The development journey from idea to finished product can be seen as a roadmap with several key reflection points dotted along it. At each key point there is the opportunity to pitch for investment. Wherever on your journey you are, it's crucial to tailor your pitch to ensure that it's an honest and accurate reflection of where you are currently at.
It’s often easy to get ahead of ourselves, to get carried away and think we’re further along on the product development journey than we may actually be.
As a guide, there are roughly four key points on your product development journey in which your pitch should be fundamentally changed.
Stage one: Idea
If your product is at the idea stage (i.e. there’s nothing tangible an investor or consumer can physically get a hold off) then be honest about it from the beginning.
Don’t imply you're- more ahead than you actually are, keep your pitch to the selling of the big idea and be confident in your pitch about it.
Don’t feel that you are at a disadvantage because you can't put in someone’s hands but at the same time don't try and use smoke and mirrors to make your idea look more advanced than it actually is!
Stage two and three: Prototype vs MVP
If you’re at the stage where you actually have something tangible but it’s not the finished thing then be clear about that. Never pitch a prototype as the final thing. You’ll lose credibility in an investors eyes if you try to over-sell what you have.
If you have something that works but you wouldn’t be confident putting it on a shelf then it’s a prototype.
If it's working and you’d be happy to sell it in its current form (even if you think it could be approved, then it's a Minimum Viable Product or MVP).
The differences between the two may be subtle but you should ensure your pitch is clear which of the two you’re presenting.
If you have a working prototype, be clear that’s what it is, a prototype, and direct your pitch towards seeking investment to get it into production and to market.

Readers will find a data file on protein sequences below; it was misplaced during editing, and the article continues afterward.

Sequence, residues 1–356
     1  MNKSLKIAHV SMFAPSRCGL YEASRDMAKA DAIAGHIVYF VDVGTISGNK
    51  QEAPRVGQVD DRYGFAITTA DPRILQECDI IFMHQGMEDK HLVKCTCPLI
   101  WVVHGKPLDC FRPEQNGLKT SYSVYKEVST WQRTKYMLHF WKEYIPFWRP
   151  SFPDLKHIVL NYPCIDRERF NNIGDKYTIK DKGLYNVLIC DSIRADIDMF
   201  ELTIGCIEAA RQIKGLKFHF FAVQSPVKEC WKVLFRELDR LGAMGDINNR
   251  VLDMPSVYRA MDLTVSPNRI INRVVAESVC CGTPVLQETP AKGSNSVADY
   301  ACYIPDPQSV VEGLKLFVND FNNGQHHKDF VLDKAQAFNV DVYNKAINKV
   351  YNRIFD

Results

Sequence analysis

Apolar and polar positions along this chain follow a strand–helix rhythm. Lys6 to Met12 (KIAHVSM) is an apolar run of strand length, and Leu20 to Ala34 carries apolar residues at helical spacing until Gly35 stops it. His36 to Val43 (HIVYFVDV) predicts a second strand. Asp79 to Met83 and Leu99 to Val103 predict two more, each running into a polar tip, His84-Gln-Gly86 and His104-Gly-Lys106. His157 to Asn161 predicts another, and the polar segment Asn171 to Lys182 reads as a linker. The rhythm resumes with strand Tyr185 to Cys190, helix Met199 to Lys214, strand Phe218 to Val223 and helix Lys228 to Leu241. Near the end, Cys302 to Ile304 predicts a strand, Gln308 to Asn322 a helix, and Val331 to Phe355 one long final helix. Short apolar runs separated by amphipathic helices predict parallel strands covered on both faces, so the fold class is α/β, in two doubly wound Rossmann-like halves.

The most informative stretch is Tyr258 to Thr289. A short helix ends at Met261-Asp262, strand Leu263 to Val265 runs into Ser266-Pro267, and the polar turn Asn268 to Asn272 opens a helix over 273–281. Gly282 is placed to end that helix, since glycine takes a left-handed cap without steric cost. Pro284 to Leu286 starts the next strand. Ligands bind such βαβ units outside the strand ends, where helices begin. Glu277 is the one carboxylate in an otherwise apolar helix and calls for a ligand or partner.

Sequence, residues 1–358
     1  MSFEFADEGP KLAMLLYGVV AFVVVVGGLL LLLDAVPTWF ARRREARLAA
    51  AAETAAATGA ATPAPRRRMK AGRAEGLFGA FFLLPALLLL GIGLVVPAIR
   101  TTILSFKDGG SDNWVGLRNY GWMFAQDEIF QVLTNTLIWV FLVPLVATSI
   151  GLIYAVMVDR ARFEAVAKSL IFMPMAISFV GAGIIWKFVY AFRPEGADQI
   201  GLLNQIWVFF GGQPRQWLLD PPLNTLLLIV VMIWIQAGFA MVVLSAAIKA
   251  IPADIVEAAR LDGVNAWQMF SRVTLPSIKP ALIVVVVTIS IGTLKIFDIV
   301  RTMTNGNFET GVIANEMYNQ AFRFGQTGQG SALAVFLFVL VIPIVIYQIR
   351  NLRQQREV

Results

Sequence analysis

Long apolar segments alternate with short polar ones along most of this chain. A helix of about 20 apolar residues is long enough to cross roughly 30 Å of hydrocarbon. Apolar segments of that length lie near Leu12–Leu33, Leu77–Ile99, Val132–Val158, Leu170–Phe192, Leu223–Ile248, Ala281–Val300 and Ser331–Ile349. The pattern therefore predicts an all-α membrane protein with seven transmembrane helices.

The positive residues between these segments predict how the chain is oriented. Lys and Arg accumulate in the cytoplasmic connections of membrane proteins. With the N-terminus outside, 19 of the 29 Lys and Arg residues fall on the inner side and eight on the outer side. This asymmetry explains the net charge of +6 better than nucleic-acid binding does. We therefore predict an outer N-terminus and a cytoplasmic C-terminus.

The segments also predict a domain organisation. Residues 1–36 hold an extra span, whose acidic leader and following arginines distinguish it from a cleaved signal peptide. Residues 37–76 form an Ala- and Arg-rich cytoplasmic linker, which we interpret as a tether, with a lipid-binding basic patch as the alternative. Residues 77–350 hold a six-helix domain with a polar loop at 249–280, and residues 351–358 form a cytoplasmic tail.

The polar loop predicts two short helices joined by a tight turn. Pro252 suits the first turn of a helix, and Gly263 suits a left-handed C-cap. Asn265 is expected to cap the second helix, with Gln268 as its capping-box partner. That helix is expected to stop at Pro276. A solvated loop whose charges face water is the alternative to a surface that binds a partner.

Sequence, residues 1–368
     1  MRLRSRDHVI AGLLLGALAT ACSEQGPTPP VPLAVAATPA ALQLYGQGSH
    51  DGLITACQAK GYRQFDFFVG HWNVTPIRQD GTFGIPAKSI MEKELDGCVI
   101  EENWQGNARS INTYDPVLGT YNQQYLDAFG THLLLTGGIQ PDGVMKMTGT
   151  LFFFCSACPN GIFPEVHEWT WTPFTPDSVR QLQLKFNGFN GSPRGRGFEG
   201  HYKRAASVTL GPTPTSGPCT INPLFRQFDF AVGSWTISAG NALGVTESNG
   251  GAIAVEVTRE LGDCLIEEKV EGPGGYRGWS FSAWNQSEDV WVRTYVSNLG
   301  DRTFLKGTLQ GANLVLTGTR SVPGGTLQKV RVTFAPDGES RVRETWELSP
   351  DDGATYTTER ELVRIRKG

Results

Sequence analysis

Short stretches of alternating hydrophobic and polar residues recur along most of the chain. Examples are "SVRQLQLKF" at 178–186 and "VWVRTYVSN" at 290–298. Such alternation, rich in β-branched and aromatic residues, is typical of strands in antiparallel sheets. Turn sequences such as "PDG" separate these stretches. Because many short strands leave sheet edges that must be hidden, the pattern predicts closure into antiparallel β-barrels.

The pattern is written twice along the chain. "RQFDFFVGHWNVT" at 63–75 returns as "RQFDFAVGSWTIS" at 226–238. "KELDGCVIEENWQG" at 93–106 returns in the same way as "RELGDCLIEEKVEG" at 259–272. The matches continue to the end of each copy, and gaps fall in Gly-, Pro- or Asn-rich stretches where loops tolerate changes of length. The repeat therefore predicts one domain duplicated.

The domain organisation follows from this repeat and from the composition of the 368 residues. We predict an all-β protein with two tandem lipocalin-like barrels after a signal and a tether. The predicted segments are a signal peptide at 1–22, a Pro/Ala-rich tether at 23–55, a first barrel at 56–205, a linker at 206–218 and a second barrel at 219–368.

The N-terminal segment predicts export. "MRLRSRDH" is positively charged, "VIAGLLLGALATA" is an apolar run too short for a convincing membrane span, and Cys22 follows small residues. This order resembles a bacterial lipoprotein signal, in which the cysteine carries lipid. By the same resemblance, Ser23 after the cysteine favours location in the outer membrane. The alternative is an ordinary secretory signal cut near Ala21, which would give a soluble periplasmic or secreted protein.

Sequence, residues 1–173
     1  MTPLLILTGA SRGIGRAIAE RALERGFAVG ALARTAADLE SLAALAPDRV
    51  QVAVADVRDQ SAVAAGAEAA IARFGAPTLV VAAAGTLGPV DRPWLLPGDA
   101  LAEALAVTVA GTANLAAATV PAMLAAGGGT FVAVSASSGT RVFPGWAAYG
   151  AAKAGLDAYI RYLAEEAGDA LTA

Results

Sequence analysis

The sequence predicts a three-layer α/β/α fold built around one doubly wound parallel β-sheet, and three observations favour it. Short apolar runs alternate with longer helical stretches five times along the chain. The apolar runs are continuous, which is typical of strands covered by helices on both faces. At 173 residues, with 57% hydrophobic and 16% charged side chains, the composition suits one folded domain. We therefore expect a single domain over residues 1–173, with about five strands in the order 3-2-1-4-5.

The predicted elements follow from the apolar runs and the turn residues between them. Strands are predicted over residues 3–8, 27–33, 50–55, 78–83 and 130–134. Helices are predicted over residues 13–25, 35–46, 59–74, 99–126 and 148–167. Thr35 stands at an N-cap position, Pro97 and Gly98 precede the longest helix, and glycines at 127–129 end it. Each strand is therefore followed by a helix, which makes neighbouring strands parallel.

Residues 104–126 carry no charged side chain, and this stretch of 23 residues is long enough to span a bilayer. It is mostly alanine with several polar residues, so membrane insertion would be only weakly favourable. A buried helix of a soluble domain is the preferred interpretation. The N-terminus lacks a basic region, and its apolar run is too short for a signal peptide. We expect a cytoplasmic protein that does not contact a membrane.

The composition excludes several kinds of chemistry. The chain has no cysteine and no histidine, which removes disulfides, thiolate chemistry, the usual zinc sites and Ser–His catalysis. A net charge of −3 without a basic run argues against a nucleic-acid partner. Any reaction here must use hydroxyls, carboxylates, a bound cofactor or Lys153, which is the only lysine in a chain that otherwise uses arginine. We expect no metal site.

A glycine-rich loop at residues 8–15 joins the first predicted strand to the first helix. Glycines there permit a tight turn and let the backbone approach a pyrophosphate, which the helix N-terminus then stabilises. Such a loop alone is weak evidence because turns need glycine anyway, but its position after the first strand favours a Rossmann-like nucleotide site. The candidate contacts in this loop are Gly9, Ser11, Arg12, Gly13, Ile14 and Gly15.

If you have an MVP be clear in your pitch that it’s an MVP, and showcase how you plan to both a) sell it in its current form and b) the development of a roadmap for future improvements. You’ll need a much stronger marketing plan for an MVP than for a Prototype. Having an MVP implies that you are set-up and prepared to have it on shelves in its current form.
Stage four: The finished article
It’s crucial that you only pitch a finished thing if it truly is ready to hit the market straight away and there’s no bugs, flaws or blind spots. You’ll need to emphasise in your pitch the quality control you’ve been through and demonstrate for example the accreditations and guarantees that you have in place.
Triple and quadruple check everything before you pitch your product or service as ready to go! The one thing you don't want is your investor finding flaws.
Nothing will kill off an investment quicker than an investor being made to feel that they’ve been misled, even if it’s inadvertent.
Products and Services at all four stages can be put live for investment. What is key to successes is being seen as credible and to be seen as credible, you have to be honest about where you're currently at!